John Grant BSc, MSc , MPhil
Senior Lecturer in Sustainable Construction and Climate Change
I am a senior lecturer in Sustainable Construction and Climate Change at Sheffield Hallam. In addition to my research duties, I lecture specifically on issues of Energy, Buildings and integrated renewable energy systems, Climate Change, Sustainability in the Built Form and Environmental Management.
My initial town planning experience was in development control where I managed a full caseload of planning applications from both the public and commercial prospective. This extensive background in planning has been enhanced through the continued planning practice in the advice and research carried out in the Resources Research Unit (RRU).
The work requires a broad working knowledge of energy and relevant town planning policies, the impacts of specific renewable energy technologies (i.e. biomass, hydro solar thermal and electric, and wind power) and general environmental issues. In my work as a planning officer and a research associate I have delivered information verbally, graphically and in the written form to non-professional audiences. I recognise the need to impart this often controversial information clearly and confidently and the importance of explaining the reasoning in the planning decision process.
Specialist areas of interest
The Adaption and Design of Domestic Dwellings for a Changing Environment
Energy Consumption within buildings (ie Passivehaus, Earthships, EPC's and SBEM)
Non-technical limitations to renewable energy (RE) development
Renewable energy scoping studies
Energy surveys and analysis of buildings
Resilient Sheffield: A Strategy for Facing Climate Change: 2010-present
The Adaption and Design of Domestic Dwellings for a Changing Environment: 2009-present "SUCCESS" The Development of a sustainable energy strategy for China: 2003-2005
Conisbrough and Denaby Renewable Energy (CADRE) Project: 2000-2002 Case Study Report 1 - Gazelle Wind Turbines: 1998-2000
Towards an Integration of Environmental and Ecology-Oriented Technology Policy: Stimulus and Response in Environment Related Innovation Networks” (ENVINNO) Energy Use in the United Kingdom Non-Domestic Building Stock: 1996-1997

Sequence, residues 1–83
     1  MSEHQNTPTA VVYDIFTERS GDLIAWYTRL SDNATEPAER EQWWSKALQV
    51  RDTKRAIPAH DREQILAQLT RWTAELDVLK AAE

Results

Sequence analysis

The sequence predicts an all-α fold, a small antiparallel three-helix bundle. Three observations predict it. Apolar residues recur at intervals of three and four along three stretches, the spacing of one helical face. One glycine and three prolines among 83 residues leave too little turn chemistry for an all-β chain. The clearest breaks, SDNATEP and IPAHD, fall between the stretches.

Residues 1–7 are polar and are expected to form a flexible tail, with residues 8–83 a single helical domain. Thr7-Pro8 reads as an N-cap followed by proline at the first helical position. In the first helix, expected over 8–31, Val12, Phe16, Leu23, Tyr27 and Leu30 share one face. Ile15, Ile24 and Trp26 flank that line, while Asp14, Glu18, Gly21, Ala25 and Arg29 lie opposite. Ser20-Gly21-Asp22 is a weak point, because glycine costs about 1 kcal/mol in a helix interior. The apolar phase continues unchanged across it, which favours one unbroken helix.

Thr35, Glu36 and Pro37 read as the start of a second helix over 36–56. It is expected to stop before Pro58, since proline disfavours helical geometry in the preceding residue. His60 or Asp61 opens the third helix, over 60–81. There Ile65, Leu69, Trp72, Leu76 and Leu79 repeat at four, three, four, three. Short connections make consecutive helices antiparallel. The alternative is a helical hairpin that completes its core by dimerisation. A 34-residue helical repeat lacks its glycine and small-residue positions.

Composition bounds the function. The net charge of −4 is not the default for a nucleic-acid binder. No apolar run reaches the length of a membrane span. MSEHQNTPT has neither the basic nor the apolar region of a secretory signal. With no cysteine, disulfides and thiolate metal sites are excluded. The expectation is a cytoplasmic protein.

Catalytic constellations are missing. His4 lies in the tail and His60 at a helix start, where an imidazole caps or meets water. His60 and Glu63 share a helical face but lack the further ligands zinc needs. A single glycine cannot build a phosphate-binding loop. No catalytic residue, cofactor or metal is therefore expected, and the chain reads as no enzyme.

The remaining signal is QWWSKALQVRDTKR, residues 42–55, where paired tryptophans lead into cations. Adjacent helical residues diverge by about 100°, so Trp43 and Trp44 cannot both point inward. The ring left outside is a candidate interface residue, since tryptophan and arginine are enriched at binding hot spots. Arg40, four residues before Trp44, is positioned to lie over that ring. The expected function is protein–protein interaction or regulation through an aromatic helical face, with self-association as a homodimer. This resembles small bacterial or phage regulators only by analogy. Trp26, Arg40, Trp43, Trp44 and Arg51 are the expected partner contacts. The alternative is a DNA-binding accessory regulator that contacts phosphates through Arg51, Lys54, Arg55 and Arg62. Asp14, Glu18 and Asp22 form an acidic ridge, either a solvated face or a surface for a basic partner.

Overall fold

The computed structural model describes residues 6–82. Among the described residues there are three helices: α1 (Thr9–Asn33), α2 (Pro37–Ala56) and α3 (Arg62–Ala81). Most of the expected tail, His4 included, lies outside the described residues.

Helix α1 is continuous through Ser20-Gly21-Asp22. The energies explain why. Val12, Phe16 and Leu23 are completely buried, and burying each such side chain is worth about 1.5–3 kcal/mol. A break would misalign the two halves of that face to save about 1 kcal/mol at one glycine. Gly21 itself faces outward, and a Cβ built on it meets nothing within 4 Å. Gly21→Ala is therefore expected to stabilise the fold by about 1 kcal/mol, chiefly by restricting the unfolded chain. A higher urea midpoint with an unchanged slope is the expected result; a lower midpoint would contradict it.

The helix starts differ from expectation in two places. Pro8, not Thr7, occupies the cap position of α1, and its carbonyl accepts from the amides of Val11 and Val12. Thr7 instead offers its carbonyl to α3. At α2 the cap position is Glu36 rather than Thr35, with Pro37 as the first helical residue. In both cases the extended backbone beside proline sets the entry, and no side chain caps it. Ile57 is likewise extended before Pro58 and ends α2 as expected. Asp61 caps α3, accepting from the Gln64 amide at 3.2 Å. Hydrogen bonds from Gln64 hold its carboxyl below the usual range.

Urban Planning Maximising the Use of Renewable Energies: 1995-1996 Renewable Energy Scoping Study for Boughton Village: 1995
Renewable Energy in Municipalities: 1993-1995
Mortimer, N.D., & Grant, J.F. (2008). Evaluating the prospects for sustainable energy development in a sample of Chinese villages. Journal of environmental management, 87 (2), 276-286. http://doi.org/10.1016/j.jenvman.2006.10.027
Mortimer, N.D., & Grant, J.F. (2008). Analysis of energy use in a sample of Chinese villages. Journal of environmental management, 87 (2), 268-275. http://doi.org/10.1016/j.jenvman.2005.11.023
Mortimer, N.D., Elsayed, M.A., & Grant, J.F. (2000). Patterns of Energy Use in Nondomestic Buildings. Environment and Planning B: Planning and Design, 27 (5), 709-720. http://doi.org/10.1068/b2573
Horne, R.E., Mortimer, N.D., Hetherington, R., & Grant, J.F. (1996). A comparative assessment of the energy and carbon balance of utilizing straw. Energy, 21 (2), 77-86. http://doi.org/10.1016/0360-5442(95)00094-1
Mortimer, N.D., Kellett, J.E., & Grant, J.F. (1995). Rural renewable energy use for urban sustainability. Pacific & Asian Journal of Energy, 5 (1), 67-78.
John teaches sustainable planning, environmental impact assessment and wider environmental issues. He is also working on his PhD which is studying the sustainable responses to the projected effects of climate change on the UK housing stock and hopes to outline the challenges UK residents are going to face (especially those on low incomes) and will seek methods of both mitigating and adapting to these challenges.